However, unlike a mobile diary, it lacks desktop capabilities, which limits the use of mobile ethnographies. In addition to responding to online surveys, mobile diaries enable users to log in to a desktop and participate in surveys, discussion forums, and focus groups.
These additional engagements can be invaluable for market research and provide rich nuggets of information to market researchers.
When should you utilise mobile diaries?
Mobile diaries are invaluable when collecting contextual and qualitative insights for market research.
For instance, a mobile diary would be a good tool for researching the buying behaviour of working moms aged 30-45 years.
Mobile diaries can present broad or targeted information depending on the nature and scope of the market research study.
Mobile diaries are widely used for:
- Demystifying user behaviour such as online shopping habits.
- Understanding user experience and interpreting user interactions with a website, product, device, or app.
- Understanding how people search for and share information online or on specific topics like adopting a rescue animal.
Four examples of the use of Mobile Diaries in Market Research:
Use case 1
A grocery store brand wants to collect meaningful data on consumer experience. The researcher recruits a select group, and they have to enter their experience in a mobile diary every time they visit the store.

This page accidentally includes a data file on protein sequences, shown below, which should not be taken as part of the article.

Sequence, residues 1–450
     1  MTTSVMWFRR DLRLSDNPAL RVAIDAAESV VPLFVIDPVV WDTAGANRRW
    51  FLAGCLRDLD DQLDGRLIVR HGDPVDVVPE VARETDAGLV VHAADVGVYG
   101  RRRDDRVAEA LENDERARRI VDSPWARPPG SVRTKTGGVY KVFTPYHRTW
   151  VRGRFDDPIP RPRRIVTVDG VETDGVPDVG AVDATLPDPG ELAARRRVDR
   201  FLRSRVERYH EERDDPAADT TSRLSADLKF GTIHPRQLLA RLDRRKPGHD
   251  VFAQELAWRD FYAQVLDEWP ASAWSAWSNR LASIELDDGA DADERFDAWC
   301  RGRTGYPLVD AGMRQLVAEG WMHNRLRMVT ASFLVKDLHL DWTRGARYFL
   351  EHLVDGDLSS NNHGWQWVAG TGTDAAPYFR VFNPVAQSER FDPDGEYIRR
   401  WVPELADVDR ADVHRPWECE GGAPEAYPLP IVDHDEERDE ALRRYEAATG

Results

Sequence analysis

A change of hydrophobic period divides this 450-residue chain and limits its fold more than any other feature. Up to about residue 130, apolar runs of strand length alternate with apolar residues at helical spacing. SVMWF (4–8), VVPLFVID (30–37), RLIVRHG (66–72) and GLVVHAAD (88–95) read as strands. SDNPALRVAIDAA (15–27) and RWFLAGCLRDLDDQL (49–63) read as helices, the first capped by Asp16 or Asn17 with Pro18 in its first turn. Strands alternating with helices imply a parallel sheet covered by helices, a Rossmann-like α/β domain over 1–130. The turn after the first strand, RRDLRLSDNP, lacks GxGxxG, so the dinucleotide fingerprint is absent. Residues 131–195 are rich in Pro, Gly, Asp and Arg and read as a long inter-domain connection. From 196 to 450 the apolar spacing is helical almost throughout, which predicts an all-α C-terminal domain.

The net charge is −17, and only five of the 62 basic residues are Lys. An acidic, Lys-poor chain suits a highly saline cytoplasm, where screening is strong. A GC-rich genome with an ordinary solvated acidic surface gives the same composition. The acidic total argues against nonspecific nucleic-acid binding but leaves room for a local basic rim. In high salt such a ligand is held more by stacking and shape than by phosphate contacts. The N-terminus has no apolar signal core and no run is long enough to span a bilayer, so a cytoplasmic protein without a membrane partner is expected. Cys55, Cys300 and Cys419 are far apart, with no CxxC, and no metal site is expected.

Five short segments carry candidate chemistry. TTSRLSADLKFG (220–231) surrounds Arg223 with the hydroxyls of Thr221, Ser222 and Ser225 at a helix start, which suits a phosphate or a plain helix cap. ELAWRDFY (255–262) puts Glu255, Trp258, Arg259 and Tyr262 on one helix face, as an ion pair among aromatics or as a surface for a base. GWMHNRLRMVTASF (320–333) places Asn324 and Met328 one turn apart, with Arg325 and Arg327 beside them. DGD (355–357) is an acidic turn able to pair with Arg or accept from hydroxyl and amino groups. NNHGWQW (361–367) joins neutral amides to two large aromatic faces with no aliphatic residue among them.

Use case 2
A juice brand wants to learn more about its customers’ habits. They use mobile diaries to collect insights on when their customers drink juice, their favorite flavors, and other ways they use juice, such as in cocktails.
Use Case 3
A high-end shampoo brand is rebranding and has new packaging. A select group is asked to answer questions regarding the packaging, dispenser, look, and feel of the packaging and the product.
Use case 4
A meal delivery service has launched an app and wants to test the user experience. A select group of people uses a mobile diary to answer questions on how easy it is to navigate and the overall experience.
Challenges presented by mobile diaries in market research
Like all good things, mobile diaries also present some challenges, like:
- It can become an annoyance for the respondents with too many notifications or alerts.
- Data privacy issues
- Long surveys
- Not enough incentives for users
Market researchers can overcome these challenges by setting up surveys to make things easy for the respondents. They should also take the steps needed to protect user privacy. It is also essential to recruit the appropriate group for any study and incentivise them to complete the surveys.
In a world of smartphones and connectivity, mobile diaries are a great alternative to traditional methods.
Smartphones are commonly used, and most people always have their phones on hand. Therefore, mobile diaries are a great way to gain valuable and qualitative insights from consumers as they are always within reach. They provide in-the-moment information regarding behaviours, attitudes, perceptions, and changes over an extended time.
Market researchers can provide rich insights that facilitate better decision-making with real-time qualitative feedback. A mobile diary is easy for respondents to share more authentic and reliable information through images, videos, audio clips, and texts.